Subscription failed
Thank you for subscribing!

Want a daily digest of the top Des Moines news?

Get a daily digest of the most important stories affecting your hometown with Axios Des Moines

Please enter a valid email.

Please enter a valid email.

Subscription failed
Thank you for subscribing!

Want a daily digest of the top Twin Cities news?

Get a daily digest of the most important stories affecting your hometown with Axios Twin Cities

Please enter a valid email.

Please enter a valid email.

Subscription failed
Thank you for subscribing!

Want a daily digest of the top Tampa Bay news?

Get a daily digest of the most important stories affecting your hometown with Axios Tampa Bay

Please enter a valid email.

Please enter a valid email.

Subscription failed
Thank you for subscribing!

Want a daily digest of the top Charlotte news?

Get a daily digest of the most important stories affecting your hometown with Axios Charlotte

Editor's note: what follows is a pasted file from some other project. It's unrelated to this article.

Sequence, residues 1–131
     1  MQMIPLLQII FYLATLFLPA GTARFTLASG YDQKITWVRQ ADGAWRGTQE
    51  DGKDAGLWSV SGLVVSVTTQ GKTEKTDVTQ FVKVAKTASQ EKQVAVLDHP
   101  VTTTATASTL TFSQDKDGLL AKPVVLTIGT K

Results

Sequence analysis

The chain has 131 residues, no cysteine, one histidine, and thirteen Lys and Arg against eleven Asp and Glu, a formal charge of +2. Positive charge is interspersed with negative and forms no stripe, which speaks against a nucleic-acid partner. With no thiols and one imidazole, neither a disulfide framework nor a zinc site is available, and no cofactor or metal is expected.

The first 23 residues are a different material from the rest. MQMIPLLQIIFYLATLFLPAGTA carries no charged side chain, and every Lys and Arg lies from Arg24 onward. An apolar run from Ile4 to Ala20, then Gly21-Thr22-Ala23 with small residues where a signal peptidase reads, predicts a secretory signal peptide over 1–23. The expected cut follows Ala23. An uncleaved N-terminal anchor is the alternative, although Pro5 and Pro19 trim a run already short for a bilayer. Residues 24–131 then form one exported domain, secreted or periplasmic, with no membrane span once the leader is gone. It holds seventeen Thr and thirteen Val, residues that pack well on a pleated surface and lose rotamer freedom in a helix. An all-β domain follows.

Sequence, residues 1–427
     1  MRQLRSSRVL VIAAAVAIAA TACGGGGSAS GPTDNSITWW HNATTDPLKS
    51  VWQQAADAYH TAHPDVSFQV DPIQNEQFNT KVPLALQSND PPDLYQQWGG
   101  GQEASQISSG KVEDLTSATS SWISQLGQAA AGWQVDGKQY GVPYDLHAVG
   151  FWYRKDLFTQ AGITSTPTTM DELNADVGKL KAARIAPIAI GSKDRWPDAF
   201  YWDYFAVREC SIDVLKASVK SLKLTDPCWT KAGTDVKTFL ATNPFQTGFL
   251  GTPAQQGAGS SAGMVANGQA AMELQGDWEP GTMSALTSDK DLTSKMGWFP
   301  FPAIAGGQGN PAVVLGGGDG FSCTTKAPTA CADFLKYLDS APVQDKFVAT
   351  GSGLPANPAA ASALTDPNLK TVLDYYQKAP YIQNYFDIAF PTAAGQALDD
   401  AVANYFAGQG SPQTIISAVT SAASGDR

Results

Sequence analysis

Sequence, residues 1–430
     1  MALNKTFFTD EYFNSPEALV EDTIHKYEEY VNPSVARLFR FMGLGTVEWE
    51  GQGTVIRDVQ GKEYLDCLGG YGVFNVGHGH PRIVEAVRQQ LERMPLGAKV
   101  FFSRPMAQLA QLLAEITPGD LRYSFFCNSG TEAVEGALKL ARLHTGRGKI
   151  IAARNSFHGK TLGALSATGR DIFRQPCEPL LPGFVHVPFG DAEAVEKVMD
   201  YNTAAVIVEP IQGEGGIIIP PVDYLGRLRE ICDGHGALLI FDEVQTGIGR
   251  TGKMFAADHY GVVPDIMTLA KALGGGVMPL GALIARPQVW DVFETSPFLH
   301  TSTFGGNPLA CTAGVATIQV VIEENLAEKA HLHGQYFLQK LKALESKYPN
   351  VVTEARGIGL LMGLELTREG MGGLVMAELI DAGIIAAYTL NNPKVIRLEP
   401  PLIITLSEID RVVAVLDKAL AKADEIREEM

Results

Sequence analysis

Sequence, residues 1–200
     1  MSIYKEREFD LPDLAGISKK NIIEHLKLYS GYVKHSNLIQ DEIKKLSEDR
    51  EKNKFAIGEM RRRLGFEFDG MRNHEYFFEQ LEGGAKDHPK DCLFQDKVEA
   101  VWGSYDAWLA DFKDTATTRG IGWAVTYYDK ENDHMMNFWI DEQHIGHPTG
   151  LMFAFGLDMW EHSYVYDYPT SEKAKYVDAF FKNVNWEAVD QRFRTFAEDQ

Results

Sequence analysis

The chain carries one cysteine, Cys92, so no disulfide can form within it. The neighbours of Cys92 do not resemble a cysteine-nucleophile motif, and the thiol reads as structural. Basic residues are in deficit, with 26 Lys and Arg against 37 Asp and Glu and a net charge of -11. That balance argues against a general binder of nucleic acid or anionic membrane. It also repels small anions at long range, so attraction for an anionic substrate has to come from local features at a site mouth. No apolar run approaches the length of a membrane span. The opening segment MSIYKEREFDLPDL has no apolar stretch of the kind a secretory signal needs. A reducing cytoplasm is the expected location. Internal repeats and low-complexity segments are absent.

Please enter a valid email.

Please enter a valid email.

Subscription failed
Thank you for subscribing!

Want a daily digest of the top Nashville news?

Get a daily digest of the most important stories affecting your hometown with the Axios Nashville newsletter.

Please enter a valid email.

Please enter a valid email.

Subscription failed
Thank you for subscribing!

Want a daily digest of the top Columbus news?

Get a daily digest of the most important stories affecting your hometown with the Axios Columbus newsletter.

Please enter a valid email.

Please enter a valid email.

Subscription failed
Thank you for subscribing!

Want a daily digest of the top Dallas news?

Get a daily digest of the most important stories affecting your hometown with the Axios Dallas newsletter.

Please enter a valid email.

Please enter a valid email.

Subscription failed
Thank you for subscribing!

Want a daily digest of the top Austin news?